A Multitude of Women

A Multitude of Women: The Challenges of the Contemporary Italian Novel

Stefania Lucamante
Copyright Date: 2008
Pages: 336
https://www.jstor.org/stable/10.3138/9781442688667
  • Cite this Item
  • Book Info
    A Multitude of Women
    Book Description:

    Lucamante looks at the ways in which both Italian literary tradition and external influences have assisted Italian women writers in rethinking the theoretical and aesthetic ties between author, text, and readership in the construction of the novel.

    eISBN: 978-1-4426-8866-7
    Subjects: Language & Literature

Table of Contents

  1. Front Matter
    (pp. i-iv)
  2. Table of Contents
    (pp. v-vi)
  3. Acknowledgments
    (pp. vii-x)
  4. Abbreviations
    (pp. xi-2)
  5. Introduction: What Women Writers Do with the Knowability of the World
    (pp. 3-27)

    AMultitude of Womenlooks at how Italian women writers have distinctively produced texts in which both Italian literary tradition and external agents of influence have assisted them in the process of rethinking the theoretical and aesthetic ties between the author, the text, and its readership in the construction of a novel. A new epistemology of the novel is the result. The scope of this book is to set forth the valuable contribution of Italian women writers to the contemporary novel and to illustrate the relevance of their female precursors’ novelistic examples. Also, this study demonstrates the relevance of feminist...

  6. chapter 1 ‘Writing Is Always Playing with the Mother’s Body’: Mothers’ Rewrites
    (pp. 28-108)

    Women writers’ presence in the development of the Italian novel justifies the argument in the present chapter that these women reread, and find inspiration in, not only the texts of their male predecessors but also those by some of the most fundamental female authors. This chapter expands some of the theoretical tenets treated in the Introduction. At its core lies the analysis of the relationship between one particular literary mother, Elsa Morante, and her literary daugthers, namely, Mariateresa Di Lascia, Simona Vinci, and Elena Ferrante. My close readings illustrate how the novels of these contemporary artists¹ and their respective relationships...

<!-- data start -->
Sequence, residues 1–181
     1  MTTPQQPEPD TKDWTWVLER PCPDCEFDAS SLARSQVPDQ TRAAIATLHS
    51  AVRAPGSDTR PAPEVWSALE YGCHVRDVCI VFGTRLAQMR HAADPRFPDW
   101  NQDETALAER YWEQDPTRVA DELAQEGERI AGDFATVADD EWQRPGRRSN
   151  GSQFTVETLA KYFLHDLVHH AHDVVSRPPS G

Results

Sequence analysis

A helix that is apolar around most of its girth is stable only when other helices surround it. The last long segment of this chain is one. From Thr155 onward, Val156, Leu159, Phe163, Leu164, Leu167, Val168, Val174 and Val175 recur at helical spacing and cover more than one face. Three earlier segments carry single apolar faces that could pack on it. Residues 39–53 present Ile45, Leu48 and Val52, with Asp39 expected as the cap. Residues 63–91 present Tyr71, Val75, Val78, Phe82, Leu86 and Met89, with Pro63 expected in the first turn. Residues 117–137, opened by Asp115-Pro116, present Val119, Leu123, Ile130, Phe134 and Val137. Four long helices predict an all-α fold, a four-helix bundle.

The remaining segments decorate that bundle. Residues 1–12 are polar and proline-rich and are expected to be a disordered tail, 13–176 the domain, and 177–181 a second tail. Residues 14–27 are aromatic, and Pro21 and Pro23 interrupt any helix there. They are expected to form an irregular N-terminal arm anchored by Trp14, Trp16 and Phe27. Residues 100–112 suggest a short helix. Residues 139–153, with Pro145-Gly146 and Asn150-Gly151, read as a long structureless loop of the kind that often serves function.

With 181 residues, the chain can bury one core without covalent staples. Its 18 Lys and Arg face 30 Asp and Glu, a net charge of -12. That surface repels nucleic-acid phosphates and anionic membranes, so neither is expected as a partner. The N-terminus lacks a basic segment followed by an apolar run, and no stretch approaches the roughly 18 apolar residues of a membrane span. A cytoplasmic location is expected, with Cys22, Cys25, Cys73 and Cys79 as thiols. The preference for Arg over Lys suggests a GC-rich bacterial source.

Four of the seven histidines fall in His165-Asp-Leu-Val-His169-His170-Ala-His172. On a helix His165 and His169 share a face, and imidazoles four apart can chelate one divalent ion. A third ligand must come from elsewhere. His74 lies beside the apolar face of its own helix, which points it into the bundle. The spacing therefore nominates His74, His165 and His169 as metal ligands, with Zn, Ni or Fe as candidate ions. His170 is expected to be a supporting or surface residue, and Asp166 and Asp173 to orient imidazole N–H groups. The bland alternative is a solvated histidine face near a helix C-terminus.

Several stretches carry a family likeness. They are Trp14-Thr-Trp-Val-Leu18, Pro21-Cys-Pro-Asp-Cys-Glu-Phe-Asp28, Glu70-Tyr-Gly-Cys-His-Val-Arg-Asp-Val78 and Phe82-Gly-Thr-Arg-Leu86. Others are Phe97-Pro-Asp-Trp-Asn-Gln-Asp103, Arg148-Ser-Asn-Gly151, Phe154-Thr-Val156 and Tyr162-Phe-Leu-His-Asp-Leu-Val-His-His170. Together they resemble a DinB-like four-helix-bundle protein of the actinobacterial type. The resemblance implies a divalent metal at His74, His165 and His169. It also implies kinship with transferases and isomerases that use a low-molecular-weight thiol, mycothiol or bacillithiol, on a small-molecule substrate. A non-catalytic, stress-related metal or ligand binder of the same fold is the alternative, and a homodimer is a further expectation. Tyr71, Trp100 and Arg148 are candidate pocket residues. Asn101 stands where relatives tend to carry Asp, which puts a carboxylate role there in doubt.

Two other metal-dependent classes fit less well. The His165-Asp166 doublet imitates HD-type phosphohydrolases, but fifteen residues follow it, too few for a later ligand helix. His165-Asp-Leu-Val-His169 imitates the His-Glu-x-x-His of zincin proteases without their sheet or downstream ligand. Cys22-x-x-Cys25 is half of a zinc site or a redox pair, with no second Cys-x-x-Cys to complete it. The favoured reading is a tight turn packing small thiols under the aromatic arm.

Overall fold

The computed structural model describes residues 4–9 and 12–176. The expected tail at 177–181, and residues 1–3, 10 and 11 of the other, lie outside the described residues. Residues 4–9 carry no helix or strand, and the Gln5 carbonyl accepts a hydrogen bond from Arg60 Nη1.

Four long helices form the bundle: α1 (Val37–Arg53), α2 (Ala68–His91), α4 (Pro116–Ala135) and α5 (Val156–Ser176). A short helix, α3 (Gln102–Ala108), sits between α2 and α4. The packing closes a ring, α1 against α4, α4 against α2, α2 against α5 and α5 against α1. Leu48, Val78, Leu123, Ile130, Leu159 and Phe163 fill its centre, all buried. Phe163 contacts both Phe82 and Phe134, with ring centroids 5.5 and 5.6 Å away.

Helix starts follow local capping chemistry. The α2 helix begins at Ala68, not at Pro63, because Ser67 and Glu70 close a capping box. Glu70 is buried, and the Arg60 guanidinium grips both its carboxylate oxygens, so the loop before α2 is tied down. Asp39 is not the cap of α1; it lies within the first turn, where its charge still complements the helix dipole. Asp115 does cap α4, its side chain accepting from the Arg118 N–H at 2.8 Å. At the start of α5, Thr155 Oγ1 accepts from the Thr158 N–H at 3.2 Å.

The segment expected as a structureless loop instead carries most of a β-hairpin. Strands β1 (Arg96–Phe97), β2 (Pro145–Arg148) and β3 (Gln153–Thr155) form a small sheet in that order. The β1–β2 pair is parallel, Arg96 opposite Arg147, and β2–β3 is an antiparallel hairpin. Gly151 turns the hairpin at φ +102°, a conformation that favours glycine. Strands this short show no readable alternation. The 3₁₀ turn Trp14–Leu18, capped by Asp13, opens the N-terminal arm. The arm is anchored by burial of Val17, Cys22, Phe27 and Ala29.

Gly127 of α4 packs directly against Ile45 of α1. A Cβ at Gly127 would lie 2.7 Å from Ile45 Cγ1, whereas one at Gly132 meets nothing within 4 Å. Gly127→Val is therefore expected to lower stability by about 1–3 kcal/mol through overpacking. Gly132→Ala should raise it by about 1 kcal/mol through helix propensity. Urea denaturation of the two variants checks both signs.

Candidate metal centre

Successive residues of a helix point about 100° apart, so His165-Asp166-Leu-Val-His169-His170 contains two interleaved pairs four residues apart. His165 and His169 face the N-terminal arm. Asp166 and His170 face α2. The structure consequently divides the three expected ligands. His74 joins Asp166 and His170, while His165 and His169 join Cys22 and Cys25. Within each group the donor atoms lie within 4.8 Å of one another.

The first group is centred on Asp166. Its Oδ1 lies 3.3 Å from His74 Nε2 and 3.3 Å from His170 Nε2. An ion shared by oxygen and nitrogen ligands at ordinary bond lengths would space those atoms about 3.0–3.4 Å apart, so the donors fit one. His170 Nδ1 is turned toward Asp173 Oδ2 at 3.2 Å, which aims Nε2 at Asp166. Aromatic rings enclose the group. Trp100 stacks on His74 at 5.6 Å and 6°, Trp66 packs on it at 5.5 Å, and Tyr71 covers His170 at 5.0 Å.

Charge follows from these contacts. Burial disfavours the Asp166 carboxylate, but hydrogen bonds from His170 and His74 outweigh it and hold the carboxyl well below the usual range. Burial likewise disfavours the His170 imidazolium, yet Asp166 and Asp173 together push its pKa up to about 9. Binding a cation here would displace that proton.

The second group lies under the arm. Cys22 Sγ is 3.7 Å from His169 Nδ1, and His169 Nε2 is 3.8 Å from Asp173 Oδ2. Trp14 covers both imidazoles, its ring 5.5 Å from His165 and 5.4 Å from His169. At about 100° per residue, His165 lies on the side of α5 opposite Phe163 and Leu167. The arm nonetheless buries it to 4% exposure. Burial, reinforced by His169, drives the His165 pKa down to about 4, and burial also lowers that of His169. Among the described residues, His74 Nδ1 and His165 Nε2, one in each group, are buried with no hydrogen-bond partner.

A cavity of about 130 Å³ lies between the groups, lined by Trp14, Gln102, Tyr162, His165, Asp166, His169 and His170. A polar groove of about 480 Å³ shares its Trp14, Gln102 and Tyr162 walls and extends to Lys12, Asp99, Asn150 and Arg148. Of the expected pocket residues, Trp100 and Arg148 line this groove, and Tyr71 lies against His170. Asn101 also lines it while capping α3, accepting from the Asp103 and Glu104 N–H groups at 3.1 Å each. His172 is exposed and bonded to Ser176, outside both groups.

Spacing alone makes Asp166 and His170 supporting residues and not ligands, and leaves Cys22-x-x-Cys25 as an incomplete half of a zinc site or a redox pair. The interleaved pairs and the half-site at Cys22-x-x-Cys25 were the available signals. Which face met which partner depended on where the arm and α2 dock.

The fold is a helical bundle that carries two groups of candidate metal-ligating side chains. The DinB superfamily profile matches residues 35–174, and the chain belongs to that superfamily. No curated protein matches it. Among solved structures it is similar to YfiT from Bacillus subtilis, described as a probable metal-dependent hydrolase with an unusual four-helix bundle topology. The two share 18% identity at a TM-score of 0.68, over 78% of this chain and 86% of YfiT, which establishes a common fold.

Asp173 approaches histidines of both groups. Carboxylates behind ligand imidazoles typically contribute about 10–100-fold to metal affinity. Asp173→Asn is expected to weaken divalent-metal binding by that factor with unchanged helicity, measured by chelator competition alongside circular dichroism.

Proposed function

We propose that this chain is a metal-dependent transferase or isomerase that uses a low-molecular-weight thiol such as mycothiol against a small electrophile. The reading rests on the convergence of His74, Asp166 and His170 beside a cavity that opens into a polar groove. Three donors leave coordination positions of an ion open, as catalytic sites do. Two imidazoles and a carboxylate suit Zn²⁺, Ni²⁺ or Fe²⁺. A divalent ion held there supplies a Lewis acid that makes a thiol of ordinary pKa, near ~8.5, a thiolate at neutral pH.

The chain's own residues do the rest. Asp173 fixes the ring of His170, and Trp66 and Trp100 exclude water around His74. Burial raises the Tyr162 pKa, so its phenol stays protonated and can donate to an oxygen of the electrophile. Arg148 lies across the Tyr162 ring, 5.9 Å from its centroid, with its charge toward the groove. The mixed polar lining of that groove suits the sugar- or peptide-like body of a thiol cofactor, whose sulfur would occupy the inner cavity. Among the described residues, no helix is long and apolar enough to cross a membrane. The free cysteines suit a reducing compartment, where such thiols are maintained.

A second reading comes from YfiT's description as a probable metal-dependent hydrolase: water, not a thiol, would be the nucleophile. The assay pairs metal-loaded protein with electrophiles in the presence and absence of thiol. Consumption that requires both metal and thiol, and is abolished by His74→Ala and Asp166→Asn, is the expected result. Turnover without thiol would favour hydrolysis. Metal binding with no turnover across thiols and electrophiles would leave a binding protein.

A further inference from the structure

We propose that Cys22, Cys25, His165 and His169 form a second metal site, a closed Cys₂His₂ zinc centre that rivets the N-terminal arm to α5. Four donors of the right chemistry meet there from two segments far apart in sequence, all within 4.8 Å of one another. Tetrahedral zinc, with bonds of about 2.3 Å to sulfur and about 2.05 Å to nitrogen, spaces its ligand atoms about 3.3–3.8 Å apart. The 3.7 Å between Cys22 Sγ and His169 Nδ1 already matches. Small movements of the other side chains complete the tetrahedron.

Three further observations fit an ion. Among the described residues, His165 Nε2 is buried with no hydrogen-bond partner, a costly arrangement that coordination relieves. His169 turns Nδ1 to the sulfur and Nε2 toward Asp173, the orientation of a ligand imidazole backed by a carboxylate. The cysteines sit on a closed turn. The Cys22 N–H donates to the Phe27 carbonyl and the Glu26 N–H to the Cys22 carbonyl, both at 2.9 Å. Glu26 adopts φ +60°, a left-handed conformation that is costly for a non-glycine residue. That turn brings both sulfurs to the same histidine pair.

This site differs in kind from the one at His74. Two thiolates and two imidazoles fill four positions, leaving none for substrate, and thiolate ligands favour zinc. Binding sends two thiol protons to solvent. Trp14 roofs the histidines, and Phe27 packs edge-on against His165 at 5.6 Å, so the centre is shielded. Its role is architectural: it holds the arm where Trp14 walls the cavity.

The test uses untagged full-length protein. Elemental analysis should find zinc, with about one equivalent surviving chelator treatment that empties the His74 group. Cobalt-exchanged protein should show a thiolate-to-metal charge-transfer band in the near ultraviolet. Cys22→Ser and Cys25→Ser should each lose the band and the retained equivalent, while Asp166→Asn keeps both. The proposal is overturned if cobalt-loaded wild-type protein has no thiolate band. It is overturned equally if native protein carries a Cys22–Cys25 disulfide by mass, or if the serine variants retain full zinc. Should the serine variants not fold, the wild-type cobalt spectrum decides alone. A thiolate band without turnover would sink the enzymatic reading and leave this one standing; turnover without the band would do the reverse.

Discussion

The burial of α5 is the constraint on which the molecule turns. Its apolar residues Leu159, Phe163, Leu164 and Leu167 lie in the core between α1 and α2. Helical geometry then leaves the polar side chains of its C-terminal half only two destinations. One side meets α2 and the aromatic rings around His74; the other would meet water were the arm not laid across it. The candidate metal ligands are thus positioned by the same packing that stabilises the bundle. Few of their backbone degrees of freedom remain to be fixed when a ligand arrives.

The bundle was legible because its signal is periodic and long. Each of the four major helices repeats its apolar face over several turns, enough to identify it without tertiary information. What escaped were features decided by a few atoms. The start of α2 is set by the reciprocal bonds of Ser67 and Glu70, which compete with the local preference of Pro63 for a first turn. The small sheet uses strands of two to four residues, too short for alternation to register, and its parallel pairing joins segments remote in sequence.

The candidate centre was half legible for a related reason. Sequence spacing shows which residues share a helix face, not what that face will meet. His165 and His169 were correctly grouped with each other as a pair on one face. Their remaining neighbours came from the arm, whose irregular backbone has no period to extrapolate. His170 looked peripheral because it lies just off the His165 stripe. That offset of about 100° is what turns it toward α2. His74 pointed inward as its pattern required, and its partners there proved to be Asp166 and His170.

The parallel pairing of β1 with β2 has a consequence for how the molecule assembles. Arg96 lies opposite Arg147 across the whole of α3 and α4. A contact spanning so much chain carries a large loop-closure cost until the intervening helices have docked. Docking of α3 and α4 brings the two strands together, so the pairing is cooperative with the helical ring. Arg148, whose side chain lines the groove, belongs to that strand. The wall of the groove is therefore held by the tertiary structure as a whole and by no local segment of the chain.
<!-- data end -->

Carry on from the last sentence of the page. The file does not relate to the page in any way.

7. chapter 2 Of Fathers and Daughters, or the Italian Family Interrupted
    (pp. 109-180)

    The realist novel often avoids the elevated subject matter of tragedy in favour of the quotidian; the average, the commonplace, the middle classes and their daily struggles with the mean verities of everyday existence – these are the typical subject matters of realism. Until the advent of the Italiangialloof recent years, no melodrama, international conspiracies, aristocratic high life, and bizarre eccentrics made up the fabric of Italian novels. The Italian realist novel has often dealt with the fictionalization and narrativization of family by means of the banal verities accompanying conjugal love – or lack thereof. Often we read a realistic...

  8. chapter 3 Italian Sexual Patho-Politics Revisited
    (pp. 181-233)

    This chapter ofA Multitude of Womenaddresses the literary representation of sexual politics in the past decade. In fact, the theoretical engagement of Italian feminist philosophers and thinkers with the issue of gender as a social and political construct in the debate on the sex/gender issue of the 1990s went hand in hand with a profound transformation in women’s novelistic narratives. Almost at the same pace as, but disconnected from, theoretical groups such as Diotima, several Italian women writers have investigated in their fiction what Rosi Braidotti calls ‘the specific ways of knowing of the human flesh’ in a...

  9. Conclusions
    (pp. 234-242)

    Drawing a map of female novelistic expression over the past decade was arduous from the outset, and I realized the further dangers that could derive from confining women novelists to their ‘territory.’ The overall scope of this book is a demonstration of women’s writing, which, while early on committed to mainly male canonical models, has slowly slid towards what, at this point in literary history, one might comfortably define as other women writers’ canonical texts. In fact, the thematics and the articulation of contemporary novels can no longer justify or find sufficient a palimpsest that is exclusively male. The uncontested...

  10. Notes
    (pp. 243-296)
  11. Works Cited
    (pp. 297-314)
  12. Index
    (pp. 315-324)